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Possible bug with support blocker/cutting mesh?


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Posted · Possible bug with support blocker/cutting mesh?

Hi all. I print two piece boxes for electronic components. The top piece has some openings in it for buttons/LEDs and lays top down on the build plate (which is textured to help hide the lines) during printing. The 3D printer I'm using can move fast, but doesn't doesn't do so well when it has to print small details like this. I wanted to decrease the speed when it is printing these features, so I attempted to use a support blocker and then change settings in the cutting mesh. For some reason Cura wants to put a wall around the perimeter of the blocker which isn't needed and sort of distrupts the flow of the print when it comes to that area. Is there a way to prevent those walls from being generated or might this be a bug? I'm currently using Cura 5.2.1. I tried using the "Small Feature Speed" option, but that ends up applying to other areas of the part which is not desirable. Any help here is greatly appreciated. Thanks!

No Support Blocker.png

Support Blocker.png

Split Saturn Top.3mf

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    Posted (edited) · Possible bug with support blocker/cutting mesh?

    A support blocker when configured as a Cutting Mesh, Infill Mesh, or Normal Model is another mesh on the build plate.  It is going to have it's own boundaries and properties.  That's the normal behavior.  You can set the Modifier Mesh to not have any walls but that only affects itself.  Consequently, the hole that a Cutting Mesh might create in the main model is going to have walls around the hole because that's how the main model is set.

     

    For that particular model, if you set the blocker on the inside floor then you will get (what I think) you are looking for.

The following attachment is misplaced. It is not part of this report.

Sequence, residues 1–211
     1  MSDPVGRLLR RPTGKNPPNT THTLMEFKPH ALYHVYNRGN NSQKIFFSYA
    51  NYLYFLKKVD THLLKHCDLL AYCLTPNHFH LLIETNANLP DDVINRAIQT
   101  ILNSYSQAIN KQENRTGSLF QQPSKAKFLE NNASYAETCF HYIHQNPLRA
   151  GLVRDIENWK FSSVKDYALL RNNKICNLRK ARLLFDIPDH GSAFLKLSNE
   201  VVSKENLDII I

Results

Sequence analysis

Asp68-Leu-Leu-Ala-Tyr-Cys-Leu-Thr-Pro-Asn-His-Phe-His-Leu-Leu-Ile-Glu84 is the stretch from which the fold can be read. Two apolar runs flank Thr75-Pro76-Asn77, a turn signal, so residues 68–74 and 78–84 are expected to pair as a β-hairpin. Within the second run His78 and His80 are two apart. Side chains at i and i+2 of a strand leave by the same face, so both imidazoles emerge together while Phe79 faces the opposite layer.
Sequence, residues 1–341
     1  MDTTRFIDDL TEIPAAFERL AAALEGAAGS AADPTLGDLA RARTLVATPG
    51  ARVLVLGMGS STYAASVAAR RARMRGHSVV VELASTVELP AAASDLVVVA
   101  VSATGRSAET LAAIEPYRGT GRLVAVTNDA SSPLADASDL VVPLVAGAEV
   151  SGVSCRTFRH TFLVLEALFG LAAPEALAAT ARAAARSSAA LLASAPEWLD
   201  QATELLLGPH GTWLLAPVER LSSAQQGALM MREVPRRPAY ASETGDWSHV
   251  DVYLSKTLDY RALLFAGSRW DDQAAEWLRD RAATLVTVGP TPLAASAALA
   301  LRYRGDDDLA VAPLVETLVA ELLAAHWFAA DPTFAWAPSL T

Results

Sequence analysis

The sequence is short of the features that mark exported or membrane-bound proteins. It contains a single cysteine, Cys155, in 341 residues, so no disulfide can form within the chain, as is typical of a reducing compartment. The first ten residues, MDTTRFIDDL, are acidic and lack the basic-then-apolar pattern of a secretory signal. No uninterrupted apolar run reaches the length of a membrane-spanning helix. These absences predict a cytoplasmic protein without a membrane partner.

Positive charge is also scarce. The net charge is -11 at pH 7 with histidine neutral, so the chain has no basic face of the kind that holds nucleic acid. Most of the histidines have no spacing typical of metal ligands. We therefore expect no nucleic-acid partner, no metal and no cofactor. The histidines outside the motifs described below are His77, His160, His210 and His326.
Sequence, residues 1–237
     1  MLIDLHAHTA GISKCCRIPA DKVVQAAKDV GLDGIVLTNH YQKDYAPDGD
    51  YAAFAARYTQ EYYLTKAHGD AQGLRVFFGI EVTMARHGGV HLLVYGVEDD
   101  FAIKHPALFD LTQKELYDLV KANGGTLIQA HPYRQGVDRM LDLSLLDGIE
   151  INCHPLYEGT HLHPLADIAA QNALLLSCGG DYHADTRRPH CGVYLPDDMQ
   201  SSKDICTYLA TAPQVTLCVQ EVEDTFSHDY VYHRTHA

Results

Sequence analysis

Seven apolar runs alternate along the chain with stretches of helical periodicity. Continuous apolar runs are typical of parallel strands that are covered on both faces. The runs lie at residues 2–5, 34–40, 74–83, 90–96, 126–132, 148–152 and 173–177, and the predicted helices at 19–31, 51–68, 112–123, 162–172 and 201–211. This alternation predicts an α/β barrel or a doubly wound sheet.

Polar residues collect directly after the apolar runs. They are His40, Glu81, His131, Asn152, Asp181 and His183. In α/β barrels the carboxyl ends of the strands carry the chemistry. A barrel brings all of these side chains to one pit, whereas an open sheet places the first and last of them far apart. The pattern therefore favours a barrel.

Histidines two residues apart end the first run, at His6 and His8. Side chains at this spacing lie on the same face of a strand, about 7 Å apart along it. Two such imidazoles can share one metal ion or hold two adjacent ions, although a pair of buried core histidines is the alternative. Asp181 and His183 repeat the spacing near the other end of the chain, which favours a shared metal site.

This is in "Speed" view and the surfaces are not affected but with the block resting on the inside floor those small features will go down at the slower speed and your outside and inside "show" surfaces won't have the wall marks.

    image.thumb.png.e29d48225f68d9eccb2fa2d31cadf5de.png

     

    I always need to play with the modifiers for a bit to get what I want, but there are going to be the occasional compromise between what I want and what I can realistically get.

    Edited by GregValiant
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    Posted · Possible bug with support blocker/cutting mesh?

    Thanks for the information GregValiant. Unfortunately I also need the walls of the holes that cut through the top to be slowed as well because it seems they get misshapen by the faster speeds. The solution you proposed will help to some extent, but won't entirely fix my issue. I was hoping there was some other way to eliminate those walls around the support blocker. I'll keep playing with the settings to see what other ways I might address this issue. As you mentioned I might have to make some compromises here to get an acceptable result.

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    • Solution
    Posted · Possible bug with support blocker/cutting mesh?

    A side effect is that without the walls there is nowhere for Cura to stop and change settings.  If an extrusion starts at the exterior wall outside the block and travels into the block that will be at the starting speed.  The next extrusion might start inside the block and that would be at the adjusted speed.

    The way you had it didn't look bad.  0.3 off the build surface allows the bottom skin to go down without those extra walls.

     

    You could design a custom block.  It would have protrusions that drop into the holes and are 3 wall thicknesses bigger than the holes.  It's another workaround, but that often happens in these custom situations.  If you have to make a lot of them it would probably be worth the time.

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    Posted · Possible bug with support blocker/cutting mesh?

    As it turns out I will probably end up printing outer walls fairly slow on this new printer to address VFAs caused by the belt system (it's Core XY), so that will address the issue of getting those holes printed correctly. If there ends up being a hardware fix that addresses that issue and I am able to print faster I may look into the workaround you suggested. It does seem like it could be a better approach than trying to slow down that entire section of the piece. Thanks again!

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